NEWBURYPORT — Parker McLaren stepped to the free throw line, taking a couple of quick dribbles before putting up the foul shot. To his left was a horde of Pentucket Regional High students crowding their home gym's bleachers, and as McLaren reached up to take the shot, a voice boomed out from the crowd.
"You're in his shadow!"
The Newburyport basketball senior had heard that one before. As the younger brother of one of the area's all-time greats, Parker has been compared to Casey McLaren his entire basketball career. Taunts like that had become a go-to for opposing fans looking to get in his head, but rather than acknowledge the heckler, McLaren calmly swished the free throws, got right back on defense and proceeded to drop a career-high 36 points on the Sachems.
"I always try to block out the fans no matter what they're saying, but that might have fueled the fire a little bit," McLaren admitted recently.
Fairly or unfairly, the perception that Parker lived in his brother's shadow did exist coming into this season, but if it ever had any validity, it certainly doesn't anymore. With Casey now playing at Tufts University, Parker has embraced his new role in the spotlight and is turning in one of the greatest seasons in Newburyport boys basketball history.
Averaging 22.3 points per game while leading his team to a second straight Cape Ann League Kinney Division title, the 6-foot-5 forward was recently selected as CAL Kinney Division MVP, and on Wednesday he became just the fourth Newburyport High boy to score 1,000 career points, joining his brother Casey, Jeff LaFrance and future Baltimore Orioles outfielder Junior Dagres in the prestigious club.
More impressively, McLaren has done it while staying true to his own game, and when all is said and done he'll have a season on his resume that stacks up as well — if not better — than any his brother ever had.
Hard work pays off
When last season ended, McLaren immediately got to work in hopes of improving himself as a player. Knowing that he'd be counted on to lead Newburyport's offense, McLaren understood that he'd need a stronger all-around game and couldn't remain the low-post player he'd largely been up to that point.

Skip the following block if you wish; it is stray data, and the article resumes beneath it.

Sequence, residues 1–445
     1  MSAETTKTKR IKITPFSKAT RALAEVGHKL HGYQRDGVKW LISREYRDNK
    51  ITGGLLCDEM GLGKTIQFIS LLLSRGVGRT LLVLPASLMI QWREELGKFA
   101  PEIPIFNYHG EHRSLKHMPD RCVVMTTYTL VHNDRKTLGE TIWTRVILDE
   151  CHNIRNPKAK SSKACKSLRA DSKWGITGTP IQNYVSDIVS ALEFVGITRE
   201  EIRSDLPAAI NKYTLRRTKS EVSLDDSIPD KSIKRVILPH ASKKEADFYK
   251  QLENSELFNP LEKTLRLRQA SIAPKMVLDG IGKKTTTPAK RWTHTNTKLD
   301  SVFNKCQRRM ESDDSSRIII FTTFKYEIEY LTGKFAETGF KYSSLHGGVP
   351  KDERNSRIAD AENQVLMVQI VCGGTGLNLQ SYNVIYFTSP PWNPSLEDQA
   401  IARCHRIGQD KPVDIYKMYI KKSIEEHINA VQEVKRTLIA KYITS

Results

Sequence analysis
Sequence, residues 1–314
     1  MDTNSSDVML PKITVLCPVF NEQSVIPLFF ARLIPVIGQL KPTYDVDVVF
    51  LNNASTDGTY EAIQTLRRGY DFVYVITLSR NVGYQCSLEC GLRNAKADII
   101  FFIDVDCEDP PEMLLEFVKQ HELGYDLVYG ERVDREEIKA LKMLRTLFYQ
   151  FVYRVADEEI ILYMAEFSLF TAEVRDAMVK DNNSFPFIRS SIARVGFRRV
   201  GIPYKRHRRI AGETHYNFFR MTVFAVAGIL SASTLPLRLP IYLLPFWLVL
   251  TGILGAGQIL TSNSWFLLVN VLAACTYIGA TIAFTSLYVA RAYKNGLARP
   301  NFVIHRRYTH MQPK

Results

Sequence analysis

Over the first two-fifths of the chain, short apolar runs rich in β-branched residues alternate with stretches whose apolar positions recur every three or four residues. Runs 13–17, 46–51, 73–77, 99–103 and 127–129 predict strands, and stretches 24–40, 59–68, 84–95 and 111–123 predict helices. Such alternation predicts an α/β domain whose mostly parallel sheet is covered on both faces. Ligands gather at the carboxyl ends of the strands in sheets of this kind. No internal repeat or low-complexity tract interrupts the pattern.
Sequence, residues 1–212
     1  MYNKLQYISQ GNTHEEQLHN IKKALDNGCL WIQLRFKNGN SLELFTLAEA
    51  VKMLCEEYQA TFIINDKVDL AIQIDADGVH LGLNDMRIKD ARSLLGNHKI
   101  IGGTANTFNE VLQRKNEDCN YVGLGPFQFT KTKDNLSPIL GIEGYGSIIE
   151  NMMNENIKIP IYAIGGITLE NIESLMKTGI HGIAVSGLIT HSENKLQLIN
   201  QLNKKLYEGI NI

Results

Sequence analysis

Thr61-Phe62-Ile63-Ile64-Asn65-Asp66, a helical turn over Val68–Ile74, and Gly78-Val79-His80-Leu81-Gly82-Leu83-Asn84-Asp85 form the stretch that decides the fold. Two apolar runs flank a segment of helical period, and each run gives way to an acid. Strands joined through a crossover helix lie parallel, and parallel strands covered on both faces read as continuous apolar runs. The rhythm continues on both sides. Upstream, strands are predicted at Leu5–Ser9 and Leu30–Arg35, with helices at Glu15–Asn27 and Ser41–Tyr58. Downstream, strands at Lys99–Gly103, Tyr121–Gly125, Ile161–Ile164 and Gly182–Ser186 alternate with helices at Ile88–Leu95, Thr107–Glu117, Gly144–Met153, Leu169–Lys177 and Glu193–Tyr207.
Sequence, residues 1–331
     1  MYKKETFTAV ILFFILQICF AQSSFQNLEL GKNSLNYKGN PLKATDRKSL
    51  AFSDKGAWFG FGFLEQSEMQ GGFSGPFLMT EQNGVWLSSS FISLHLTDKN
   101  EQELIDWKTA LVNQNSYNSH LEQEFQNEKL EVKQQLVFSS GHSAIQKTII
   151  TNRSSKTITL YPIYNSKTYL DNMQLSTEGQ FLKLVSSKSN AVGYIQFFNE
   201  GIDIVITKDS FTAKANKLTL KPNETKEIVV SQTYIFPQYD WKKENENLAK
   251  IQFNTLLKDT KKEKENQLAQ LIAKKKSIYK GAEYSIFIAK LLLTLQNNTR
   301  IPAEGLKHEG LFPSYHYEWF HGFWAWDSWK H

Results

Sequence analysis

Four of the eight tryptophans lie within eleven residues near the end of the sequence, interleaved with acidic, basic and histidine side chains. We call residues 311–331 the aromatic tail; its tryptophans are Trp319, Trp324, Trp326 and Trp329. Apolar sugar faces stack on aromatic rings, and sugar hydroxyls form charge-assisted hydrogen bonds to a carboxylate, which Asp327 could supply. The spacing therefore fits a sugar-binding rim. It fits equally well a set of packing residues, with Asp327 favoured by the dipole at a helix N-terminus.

The No. 1 priority? Improving his 3-point shot.
Starting in the spring, McLaren put up hundreds of 3-pointers per day. He spent all offseason practicing with his high school and AAU teammates, and once the new school year began he made a point to come in early to put up more shots before class.
"He'd come in in the morning, get out the shooting machine, and I'd walk in and he'd have already gotten up 200-300 shots," said Newburyport coach David Clay. "It was a big goal of his to improve that part of his game and I'm proud that he's reaping the rewards of his work ethic."
McLaren's improvement has been striking. Last year he only made 12 3-pointers the entire season, but this year he has already knocked down 50.
With that shot in his arsenal, defenders now had to respect him as a deep threat, which opened up the rest of the floor to McLaren.
"That's another benefit of having that 3-point shot," McLaren said. "I can bring the defender out and it makes the inside game easier."
McLaren has become the perfect centerpiece for a Newburyport offense that prizes efficiency above all else. By avoiding bad shots and letting the game come to him, McLaren has been able to average 22.3 points per game while shooting close to 50% both from the field and from 3-point range.
Between his versatility and efficiency, Clay said McLaren has become everything you could ever want in a high school player.
"Ideally we want a player who can score at all three levels, they can score in the post, they can attack the rim and they can shoot the three," Clay said. "Parker's ability to do all three of those at such a level of efficiency is off the charts. I've never seen it. I've seen people be good 3-point shooters, attack the rim well or just post up, but to have all three of those is very impressive."